USDA's Joint Ag Weather Facility says on the Plains, a little bit of light snow is expanding eastward from near the Montana-Wyoming border, but dry weather covers the remainder of the nation’s mid-section. "Below-normal temperatures prevail throughout the region, but bitterly cold conditions—with sub-zero temperatures—are confined to the northern half of the Plains," USDA details. In Texas, 47% of the winter wheat was rated very poor to poor on Feb. 23, USDA adds.
In the West, USDA reports generally quiet weather prevails in advance of an approaching Pacific storm. "Unusual warmth persists in California, the Great Basin, and the Southwest, but cool weather and a few showers dot the northern tier of the West," USDA explains. In Arizona, 60% of the rangeland and pastures were rated in very poor to poor condition on Feb. 23, up from 24% at the beginning of the year, USDA continues.
In the Corn Belt, USDA reports snow showers are mostly confined to the middle Ohio Valley and areas downwind of the Great Lakes. Elsewhere, cold, dry weather prevails, USDA adds. "This morning’s temperatures plunged below 0°F— accompanied by gusty winds—from the Dakotas to Wisconsin, maintaining stress on livestock," according to USDA.
In the South, USDA says warmth lingers from southern Texas to the southern Atlantic region. "Colder air is settling across the remainder of the South, accompanied by a few rain showers," USDA continues.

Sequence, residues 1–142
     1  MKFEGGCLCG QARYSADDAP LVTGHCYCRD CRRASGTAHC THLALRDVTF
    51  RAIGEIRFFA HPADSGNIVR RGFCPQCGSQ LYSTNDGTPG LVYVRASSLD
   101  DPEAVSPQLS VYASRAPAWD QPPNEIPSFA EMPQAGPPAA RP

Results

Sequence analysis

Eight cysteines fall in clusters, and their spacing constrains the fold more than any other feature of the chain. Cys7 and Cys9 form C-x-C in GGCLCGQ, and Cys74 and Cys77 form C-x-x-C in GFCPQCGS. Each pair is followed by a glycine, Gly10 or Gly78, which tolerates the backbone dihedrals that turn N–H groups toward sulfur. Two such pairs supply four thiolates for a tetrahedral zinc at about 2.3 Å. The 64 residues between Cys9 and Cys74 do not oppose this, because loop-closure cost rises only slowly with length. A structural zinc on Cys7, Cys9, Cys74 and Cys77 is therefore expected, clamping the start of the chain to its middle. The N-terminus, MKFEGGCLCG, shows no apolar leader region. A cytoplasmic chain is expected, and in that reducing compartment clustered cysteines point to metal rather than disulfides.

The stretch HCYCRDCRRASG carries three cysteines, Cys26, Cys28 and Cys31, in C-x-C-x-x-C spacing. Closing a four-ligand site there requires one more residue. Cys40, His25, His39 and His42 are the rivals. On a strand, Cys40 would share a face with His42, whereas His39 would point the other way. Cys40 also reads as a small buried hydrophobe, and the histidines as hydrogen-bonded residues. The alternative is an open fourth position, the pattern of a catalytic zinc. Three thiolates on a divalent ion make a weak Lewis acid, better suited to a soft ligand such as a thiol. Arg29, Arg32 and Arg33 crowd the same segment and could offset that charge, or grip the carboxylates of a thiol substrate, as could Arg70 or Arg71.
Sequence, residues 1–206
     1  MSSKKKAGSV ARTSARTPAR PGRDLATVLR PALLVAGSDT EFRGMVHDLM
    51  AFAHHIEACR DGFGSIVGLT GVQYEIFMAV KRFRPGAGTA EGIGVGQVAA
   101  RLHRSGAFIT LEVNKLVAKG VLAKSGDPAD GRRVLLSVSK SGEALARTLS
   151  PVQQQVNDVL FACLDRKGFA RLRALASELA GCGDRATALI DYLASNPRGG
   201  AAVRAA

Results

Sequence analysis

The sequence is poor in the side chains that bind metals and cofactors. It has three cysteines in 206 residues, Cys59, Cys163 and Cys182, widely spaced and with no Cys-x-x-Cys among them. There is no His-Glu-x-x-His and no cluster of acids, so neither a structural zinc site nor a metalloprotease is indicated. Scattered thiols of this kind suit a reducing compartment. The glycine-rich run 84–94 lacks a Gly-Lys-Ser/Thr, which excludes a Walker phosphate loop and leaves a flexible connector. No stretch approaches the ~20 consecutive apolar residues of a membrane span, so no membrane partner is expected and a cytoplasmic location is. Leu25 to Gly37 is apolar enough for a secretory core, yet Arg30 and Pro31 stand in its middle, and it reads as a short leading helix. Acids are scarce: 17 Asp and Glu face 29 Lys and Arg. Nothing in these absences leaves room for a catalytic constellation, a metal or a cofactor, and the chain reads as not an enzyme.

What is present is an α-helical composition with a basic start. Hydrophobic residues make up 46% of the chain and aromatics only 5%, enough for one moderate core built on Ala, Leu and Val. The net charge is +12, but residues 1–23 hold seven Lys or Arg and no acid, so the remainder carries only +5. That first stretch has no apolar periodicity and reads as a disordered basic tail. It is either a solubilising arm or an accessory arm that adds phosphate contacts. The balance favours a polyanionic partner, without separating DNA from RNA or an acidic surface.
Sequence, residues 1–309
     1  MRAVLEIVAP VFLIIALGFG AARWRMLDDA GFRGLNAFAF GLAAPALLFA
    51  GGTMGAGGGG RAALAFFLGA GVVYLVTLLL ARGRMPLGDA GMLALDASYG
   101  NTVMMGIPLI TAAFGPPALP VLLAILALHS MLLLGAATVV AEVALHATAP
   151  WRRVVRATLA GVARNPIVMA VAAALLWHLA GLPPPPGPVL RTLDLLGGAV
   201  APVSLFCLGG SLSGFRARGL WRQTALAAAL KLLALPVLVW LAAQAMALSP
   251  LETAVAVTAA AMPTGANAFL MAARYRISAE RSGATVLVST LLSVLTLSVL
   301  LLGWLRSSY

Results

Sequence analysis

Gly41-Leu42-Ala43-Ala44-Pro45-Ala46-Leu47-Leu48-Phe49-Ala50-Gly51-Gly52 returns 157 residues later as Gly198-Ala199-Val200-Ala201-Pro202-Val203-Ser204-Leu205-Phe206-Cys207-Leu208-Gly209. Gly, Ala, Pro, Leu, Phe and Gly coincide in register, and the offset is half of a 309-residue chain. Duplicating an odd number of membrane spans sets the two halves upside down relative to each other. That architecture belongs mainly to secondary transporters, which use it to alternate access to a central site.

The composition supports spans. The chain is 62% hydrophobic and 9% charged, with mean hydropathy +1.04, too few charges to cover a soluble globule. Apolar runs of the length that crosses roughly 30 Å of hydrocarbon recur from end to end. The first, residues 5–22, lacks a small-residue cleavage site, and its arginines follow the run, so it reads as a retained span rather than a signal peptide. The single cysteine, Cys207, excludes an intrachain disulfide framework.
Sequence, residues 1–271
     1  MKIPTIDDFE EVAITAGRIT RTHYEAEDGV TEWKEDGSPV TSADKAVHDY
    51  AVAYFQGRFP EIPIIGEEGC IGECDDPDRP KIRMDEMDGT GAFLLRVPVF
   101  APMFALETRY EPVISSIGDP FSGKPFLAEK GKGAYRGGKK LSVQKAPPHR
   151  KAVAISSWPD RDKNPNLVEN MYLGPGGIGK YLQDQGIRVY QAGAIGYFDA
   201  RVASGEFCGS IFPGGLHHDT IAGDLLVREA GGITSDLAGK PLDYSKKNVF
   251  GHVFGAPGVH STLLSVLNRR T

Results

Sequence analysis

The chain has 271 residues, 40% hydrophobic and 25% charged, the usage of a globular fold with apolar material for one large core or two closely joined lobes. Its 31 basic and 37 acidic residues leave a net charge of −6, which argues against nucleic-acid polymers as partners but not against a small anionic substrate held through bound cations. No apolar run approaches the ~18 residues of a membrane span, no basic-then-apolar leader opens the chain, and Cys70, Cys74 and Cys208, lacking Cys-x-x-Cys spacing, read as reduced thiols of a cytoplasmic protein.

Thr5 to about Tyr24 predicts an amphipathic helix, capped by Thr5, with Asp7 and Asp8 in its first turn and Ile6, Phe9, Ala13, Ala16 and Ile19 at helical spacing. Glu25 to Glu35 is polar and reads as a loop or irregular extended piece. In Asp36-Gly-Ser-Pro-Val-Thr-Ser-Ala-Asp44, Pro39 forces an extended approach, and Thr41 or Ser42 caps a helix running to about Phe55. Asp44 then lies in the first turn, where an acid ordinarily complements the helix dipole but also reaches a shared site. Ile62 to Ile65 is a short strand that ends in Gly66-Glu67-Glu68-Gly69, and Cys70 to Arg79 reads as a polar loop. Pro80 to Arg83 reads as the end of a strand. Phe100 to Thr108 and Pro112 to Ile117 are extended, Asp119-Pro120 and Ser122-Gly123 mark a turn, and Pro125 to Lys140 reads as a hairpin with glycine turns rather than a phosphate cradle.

In its outlook, USDA says during the next few days, the focus for heavy precipitation will shift into the West, with two storms expected to affect California. "Five-day precipitation totals could reach 2 to 5 inches in the Sierra Nevada and 3 to 6 inches in California’s coastal ranges," USDA elaborates. Meanwhile, USDA says rain will fall along the Gulf Coast, primarily on Feb. 25-26, with 1- to 2-inch totals likely. "Farther north, periods of generally light snow will fall across parts of the Plains and Midwest, primarily today and again toward week’s end," USDA reports. Temperatures will remain below normal east of the Rockies, except for some late-week warmth in the south-central U.S., according to USDA. "Meanwhile, cooler air will overspread California and the Southwest," USDA details.